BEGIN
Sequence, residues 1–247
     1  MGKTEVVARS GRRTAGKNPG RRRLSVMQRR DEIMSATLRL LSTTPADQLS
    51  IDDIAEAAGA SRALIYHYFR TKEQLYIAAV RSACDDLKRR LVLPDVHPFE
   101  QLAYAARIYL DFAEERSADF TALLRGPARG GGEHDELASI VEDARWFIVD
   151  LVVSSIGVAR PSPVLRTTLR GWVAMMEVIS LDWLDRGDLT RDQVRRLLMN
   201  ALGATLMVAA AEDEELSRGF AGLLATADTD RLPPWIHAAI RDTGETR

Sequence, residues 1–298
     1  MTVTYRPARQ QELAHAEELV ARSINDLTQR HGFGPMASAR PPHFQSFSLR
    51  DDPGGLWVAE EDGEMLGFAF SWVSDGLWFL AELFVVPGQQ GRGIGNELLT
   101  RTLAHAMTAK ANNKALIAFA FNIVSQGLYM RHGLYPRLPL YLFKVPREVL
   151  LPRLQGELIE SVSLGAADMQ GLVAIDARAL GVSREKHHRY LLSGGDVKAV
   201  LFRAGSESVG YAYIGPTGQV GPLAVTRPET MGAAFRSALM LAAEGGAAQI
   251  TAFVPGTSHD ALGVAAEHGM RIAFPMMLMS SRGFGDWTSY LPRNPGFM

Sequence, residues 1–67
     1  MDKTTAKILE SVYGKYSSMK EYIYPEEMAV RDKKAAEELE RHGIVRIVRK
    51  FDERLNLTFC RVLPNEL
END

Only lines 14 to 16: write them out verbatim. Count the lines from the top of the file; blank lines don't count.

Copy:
Sequence, residues 1–67
     1  MDKTTAKILE SVYGKYSSMK EYIYPEEMAV RDKKAAEELE RHGIVRIVRK
    51  FDERLNLTFC RVLPNEL